Image 24 - default LUT (top) and the modified one (bottom); changes look minuscule here but as you can see on the next image, the effect is drastic
Image 24 – default LUT (top) and the modified one (bottom); changes look minuscule here but as you can see on the next image, the effect is drastic

That is exactly what I did. Aside from the color grade, I also added some bloom, lens flares, ambient occlusion and screen space reflections.

Image 25 - scene without (left) and with post processing (right)
Image 25 – scene without (left) and with post processing (right)

Sound

In order for the video to be a complete and immersive experience, you need sound. Just watch any animation that you like with and without sound, and you will see the kind of impact it has. I actually spent two whole evenings just searching for the perfect music and I’m still not happy with my choice! From all the WIP screenshots I made during the production, I had the animation’s storyboard in mind and I knew what I was looking for: an epic sounding track that starts slow and dramatic, and that then abruptly switches to an upbeat tempo. Every time I find something promising, I play the music in the background and walk around the scene in UE and simulate the camera movement just to get the feel. In the end, I found my best match in YouTube’s audio library. It’s a very nice resource for royalty-free sounds. The only other sound that I’ve added is the wind you sometimes hear in the background.

Cameras

Now comes the part where you can sit in your director’s chair. The fun part of this is finding out the angles and compositions that suit your scene. Pay attention to the golden ratio, symmetry and the foreground/background balance but do unleash your creative freedom — it all comes down to these beauty shots. I chose my camera angles based on what I wanted to show (cloth, metal, closeups, entrance, fire…) and what I needed (inside for the beginning, outside for the middle and bird’s eye-view for the end).

Image 26 - compilation of various camera angles that I thought were interesting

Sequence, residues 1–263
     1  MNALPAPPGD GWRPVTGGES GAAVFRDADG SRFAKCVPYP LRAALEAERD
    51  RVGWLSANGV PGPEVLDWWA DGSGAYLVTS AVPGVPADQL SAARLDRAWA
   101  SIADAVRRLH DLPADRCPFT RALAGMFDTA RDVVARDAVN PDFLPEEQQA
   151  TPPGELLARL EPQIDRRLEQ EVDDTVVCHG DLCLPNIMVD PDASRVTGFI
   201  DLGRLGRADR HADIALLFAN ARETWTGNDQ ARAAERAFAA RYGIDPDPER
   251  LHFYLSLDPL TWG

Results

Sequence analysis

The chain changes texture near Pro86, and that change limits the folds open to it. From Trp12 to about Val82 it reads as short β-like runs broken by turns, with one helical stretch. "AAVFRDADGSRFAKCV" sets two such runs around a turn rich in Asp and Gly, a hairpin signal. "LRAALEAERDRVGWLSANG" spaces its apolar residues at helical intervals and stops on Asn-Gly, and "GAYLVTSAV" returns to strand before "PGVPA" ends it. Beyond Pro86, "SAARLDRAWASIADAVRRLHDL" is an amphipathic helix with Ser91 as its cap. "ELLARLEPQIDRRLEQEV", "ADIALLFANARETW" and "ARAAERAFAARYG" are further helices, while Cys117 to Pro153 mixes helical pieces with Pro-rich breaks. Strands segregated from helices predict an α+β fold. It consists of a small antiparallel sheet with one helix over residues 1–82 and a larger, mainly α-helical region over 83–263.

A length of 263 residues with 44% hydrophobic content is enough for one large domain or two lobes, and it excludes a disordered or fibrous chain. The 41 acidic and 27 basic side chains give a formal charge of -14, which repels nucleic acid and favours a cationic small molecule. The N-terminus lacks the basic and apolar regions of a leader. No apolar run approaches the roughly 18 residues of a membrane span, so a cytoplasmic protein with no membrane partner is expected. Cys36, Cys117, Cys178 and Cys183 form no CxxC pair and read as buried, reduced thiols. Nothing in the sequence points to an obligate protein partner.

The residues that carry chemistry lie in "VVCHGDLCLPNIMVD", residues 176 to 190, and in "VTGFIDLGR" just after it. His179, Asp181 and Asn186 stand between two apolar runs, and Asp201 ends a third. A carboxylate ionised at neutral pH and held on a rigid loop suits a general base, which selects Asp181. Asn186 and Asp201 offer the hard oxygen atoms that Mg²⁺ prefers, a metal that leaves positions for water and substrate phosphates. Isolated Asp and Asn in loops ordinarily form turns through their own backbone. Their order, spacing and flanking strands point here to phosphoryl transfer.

Image 26 – compilation of various camera angles that I thought were interesting

Choosing the shots was not that hard but animating them inside UE was a nightmare. In its current state, Unreal’s Matinee is just a pain to use. The way you select cameras and create their keyframes is very un-user friendly. I reset the animation or placed keyframes on a wrong camera so many times that I lost count. That’s why I’m really looking forward to Unreal’s new Sequencer that will hopefully remedy this problem and bring a much better UX and an NLE approach.

gladiator_arena_27_matinee

Final output

Once you set up your cameras, you are actually one click away from the rendered frames. And since this is a game engine, you won’t wait long. I rendered everything out in 4K and used AfterEffect to put the pieces together. I wanted to keep the straight look from UE so I didn’t do any post-production in AE.

For some additional beauty shots, you can check out the Artstation link here and I highly suggest you watch the final video in HD full-screen and with audio:

As a final touch, I leave you with this panorama.

Image 28 - Panorama of the Arena
Image 28 – Panorama of the Arena

What’s next?

What I plan to do next when I get the time are the characters — two gladiators that will eventually use this arena as their battleground. I’m showing you one of their helmets as a sneak peak.

Image 29 - finished helmet for one of the gladiators
Image 29 – finished helmet for one of the gladiators

The End

Thank you for sticking with me until the end, I really hope this was useful and inspirational to you. I strongly think that we live in a time and work in an industry where constant self-improvement is a must, so try to find time to do it. But make it challenging and useful. I realized that doing smaller individual assets for self-improvement gave me faster gratification and appearance of progress but long-term projects like this are really what pushes me forward. It took me almost two months of occasional night work to finish this but I enjoyed every minute.

If you have any comments/question/suggestions just ask away!